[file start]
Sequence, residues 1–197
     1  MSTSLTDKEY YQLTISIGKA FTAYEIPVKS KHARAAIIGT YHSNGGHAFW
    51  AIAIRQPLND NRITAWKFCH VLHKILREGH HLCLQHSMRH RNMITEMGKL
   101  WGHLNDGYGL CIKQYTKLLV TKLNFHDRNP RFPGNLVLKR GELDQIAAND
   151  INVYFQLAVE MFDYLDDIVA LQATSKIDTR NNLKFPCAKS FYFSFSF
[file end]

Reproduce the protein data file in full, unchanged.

Sequence, residues 1–197
     1  MSTSLTDKEY YQLTISIGKA FTAYEIPVKS KHARAAIIGT YHSNGGHAFW
    51  AIAIRQPLND NRITAWKFCH VLHKILREGH HLCLQHSMRH RNMITEMGKL
   101  WGHLNDGYGL CIKQYTKLLV TKLNFHDRNP RFPGNLVLKR GELDQIAAND
   151  INVYFQLAVE MFDYLDDIVA LQATSKIDTR NNLKFPCAKS FYFSFSF